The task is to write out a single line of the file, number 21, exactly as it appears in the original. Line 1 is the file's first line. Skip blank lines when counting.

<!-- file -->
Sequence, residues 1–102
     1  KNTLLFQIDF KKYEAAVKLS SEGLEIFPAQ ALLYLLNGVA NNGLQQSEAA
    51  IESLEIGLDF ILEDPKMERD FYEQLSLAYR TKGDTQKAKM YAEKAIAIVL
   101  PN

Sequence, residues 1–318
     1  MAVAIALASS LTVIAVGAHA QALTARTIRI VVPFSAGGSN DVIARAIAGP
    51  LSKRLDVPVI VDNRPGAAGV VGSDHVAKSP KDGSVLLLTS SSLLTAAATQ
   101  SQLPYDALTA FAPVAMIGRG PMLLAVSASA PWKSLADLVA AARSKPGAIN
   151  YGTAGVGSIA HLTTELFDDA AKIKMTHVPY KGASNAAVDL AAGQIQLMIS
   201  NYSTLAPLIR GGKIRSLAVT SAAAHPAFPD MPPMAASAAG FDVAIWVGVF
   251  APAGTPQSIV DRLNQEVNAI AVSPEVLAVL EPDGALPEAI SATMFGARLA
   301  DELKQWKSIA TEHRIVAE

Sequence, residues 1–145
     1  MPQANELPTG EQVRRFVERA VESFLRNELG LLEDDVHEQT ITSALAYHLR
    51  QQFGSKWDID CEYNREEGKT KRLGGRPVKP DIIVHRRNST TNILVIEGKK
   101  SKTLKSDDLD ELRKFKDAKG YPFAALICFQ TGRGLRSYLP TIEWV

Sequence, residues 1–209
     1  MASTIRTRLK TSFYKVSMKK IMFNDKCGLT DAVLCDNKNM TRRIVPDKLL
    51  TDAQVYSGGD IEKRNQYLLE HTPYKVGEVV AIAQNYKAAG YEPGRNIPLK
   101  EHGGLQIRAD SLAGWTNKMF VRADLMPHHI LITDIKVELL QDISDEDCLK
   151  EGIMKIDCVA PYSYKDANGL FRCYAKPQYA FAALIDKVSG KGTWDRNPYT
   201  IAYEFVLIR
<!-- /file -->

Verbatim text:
   151  EGIMKIDCVA PYSYKDANGL FRCYAKPQYA FAALIDKVSG KGTWDRNPYT